Political turmoil in the Middle East once again exposes America’s dependence on oil and its vulnerability to global price spikes. On Capitol Hill, Big Oil’s political lackeys are stepping up their campaign for supply solutions and the current must-have item on their list is the Keystone XL pipeline and the dirty tar sands oil it will deliver.
The American Petroleum Institute is running ads touting Canada as a friendly neighbor that “could provide more than one quarter of America’s daily oil needs.” Two weeks ago, Sen. Mary Landrieu (D-LA) asked her colleagues to sign a letter to Secretary of State Hillary Clinton declaring: “As a matter of national security it is incumbent . . . to increase our oil supply from reliable, trusted and environmentally conscious energy partners such as Canada.” And at a congressional hearing tomorrow, hosted by a subcommittee of the Committee on Foreign Affairs, “the urgent case for Canadian oil” will be debated in light of “Rising oil prices and dependence on hostile regimes”.
But the notion that Canadian oil can insulate the U.S. from price shocks is a pipedream.
The U.S. already imports over two million barrels of oil a day from Canada. Since 2004, Canada has been its biggest supplier of foreign oil. But oil is globally traded and price spikes affect sources and consumers worldwide. Opening a new corridor for oil has no impact as long as global demand outpaces supply.
Between 2003 and 2008, the Canadian oil industry spent $50 billion to increase tar sands production by a mere 350,000 barrels a day. But in that period global demand grew 9 million b/d. Tar sands expansion did nothing to prevent the 2008 oil and gasoline price spike and it has done nothing to cushion this latest jolt.
Today there is a surplus of oil in the U.S., with a record glut of 40 million barrels in the oil depot at Cushing, Okla. EIA data from the past six weeks shows that U.S. oil supply actually increased in this period, as did stocks, imports and product exports. Yet in the same period U.S. crude oil prices rose more than 20 percent, and gasoline prices posted their biggest weekly hike since Hurricane Katrina.
OPEC producers are not threatened by tar sands oil. With more than three-quarters of the world’s proved reserves, OPEC will always control the market. According to the International Energy Agency (IEA), no matter how fast other producers increase output, OPEC’s world market share will rise from 41% in 2009 to 52% by 2030. Even with aggressive expansion, non-OPEC producers can’t keep up with rising demand and the decline of existing capacity.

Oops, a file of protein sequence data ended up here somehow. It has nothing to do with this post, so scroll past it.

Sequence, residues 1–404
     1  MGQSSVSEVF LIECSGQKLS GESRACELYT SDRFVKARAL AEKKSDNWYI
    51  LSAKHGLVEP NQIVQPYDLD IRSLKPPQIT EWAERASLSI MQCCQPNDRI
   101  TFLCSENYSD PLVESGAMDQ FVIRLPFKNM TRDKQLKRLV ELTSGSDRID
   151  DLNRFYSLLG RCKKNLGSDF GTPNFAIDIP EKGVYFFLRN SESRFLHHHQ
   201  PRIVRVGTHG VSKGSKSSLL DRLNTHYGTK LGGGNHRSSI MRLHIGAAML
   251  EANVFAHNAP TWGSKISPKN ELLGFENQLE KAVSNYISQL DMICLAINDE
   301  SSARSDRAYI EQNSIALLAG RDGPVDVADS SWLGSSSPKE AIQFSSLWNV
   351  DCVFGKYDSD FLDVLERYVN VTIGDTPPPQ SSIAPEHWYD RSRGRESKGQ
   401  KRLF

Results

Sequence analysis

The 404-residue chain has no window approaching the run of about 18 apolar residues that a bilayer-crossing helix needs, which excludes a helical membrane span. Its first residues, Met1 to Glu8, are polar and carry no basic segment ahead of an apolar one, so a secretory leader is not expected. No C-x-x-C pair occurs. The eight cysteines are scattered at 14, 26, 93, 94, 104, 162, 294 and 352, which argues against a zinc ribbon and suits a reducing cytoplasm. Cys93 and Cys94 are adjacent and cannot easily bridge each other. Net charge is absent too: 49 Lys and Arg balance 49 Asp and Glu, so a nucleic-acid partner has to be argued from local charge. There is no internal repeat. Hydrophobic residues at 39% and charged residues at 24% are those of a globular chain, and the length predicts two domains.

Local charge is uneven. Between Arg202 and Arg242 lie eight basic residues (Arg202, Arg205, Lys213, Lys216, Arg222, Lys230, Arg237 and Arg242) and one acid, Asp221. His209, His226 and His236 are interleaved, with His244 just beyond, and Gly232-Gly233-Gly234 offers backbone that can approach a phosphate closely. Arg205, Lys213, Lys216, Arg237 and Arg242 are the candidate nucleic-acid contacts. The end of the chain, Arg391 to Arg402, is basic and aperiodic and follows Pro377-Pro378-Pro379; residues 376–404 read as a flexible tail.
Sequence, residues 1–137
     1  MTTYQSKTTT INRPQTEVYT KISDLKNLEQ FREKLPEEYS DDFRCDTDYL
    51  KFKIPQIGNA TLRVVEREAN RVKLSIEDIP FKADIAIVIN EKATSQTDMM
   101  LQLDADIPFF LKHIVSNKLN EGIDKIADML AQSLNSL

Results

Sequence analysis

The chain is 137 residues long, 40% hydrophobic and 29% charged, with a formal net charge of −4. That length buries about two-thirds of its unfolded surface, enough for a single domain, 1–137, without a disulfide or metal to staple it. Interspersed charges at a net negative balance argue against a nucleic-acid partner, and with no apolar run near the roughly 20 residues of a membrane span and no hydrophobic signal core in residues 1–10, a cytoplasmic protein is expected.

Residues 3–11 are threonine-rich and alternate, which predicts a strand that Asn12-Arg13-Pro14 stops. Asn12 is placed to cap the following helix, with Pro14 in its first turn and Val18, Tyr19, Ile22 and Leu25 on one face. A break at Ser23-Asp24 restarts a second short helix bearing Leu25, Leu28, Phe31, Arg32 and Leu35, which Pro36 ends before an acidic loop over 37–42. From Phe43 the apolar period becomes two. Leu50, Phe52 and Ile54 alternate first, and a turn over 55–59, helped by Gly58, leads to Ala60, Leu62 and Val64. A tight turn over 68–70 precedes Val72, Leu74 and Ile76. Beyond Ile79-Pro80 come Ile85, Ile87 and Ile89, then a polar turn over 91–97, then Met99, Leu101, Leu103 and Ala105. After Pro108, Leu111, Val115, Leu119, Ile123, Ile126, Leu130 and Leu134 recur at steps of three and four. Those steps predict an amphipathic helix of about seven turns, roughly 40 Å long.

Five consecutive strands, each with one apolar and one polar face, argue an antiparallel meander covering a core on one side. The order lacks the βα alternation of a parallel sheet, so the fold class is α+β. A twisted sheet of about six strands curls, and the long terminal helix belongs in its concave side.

OPEC nations keep production capacity low to maintain the highest price the market can bear. When more oil is brought to market they decrease production, keeping prices where they want them. If anything, by increasing non-OPEC supply OPEC producers are saved the effort and expense of investing in new capacity.
As with all sources of non-OPEC crude, Canadian oil supply maintains no spare capacity. The industry is highly capital intensive and is operated on the basis of maximizing shareholder return. Therefore it cannot afford to maintain underutilized production capacity that could be brought on stream in an emergency. In fact Canadian tar sands facilities generally operate at about 20% below nameplate capacity due to maintenance, downtime and incidents.
America consumes 22 percent of the world’s oil. With Canada and Mexico, North America holds just 5.5 percent of proved oil reserves. The idea that a few million barrels a day of oil from the U.S.’ neighbors can insulate us from the global market is, as University of Calgary oil economist Philip Verleger says, a fairy tale.
There is but one effective thing the U.S. can do to counter the threat of “rising gas prices and dependence on hostile regimes”: Reduce its appetite for oil. Increasing vehicle efficiency, diversifying to electric and hybrid vehicles, switching to sustainable renewable fuels and reducing vehicle miles traveled and addressing congestion and waste, can set America free from the world oil market and create a healthier, more economically robust nation.
Can it be done? Yes. Studies suggest by 2030 the U.S. could save 7 million barrels of oil a day above reductions already set by law. The EPA calculated that oil used in transport could be cut 42 percent by 2035. The Rocky Mountain Institute, in collaboration with the Pentagon, says the country can cut out oil use altogether by 2050.
Pushing Canadian tar sands oil – or nearly any other supply side false solution – as the answer to American vulnerability to OPEC is simplistic and opportunistic. Only by reducing demand for oil can the power of the OPEC cartel be curtailed.
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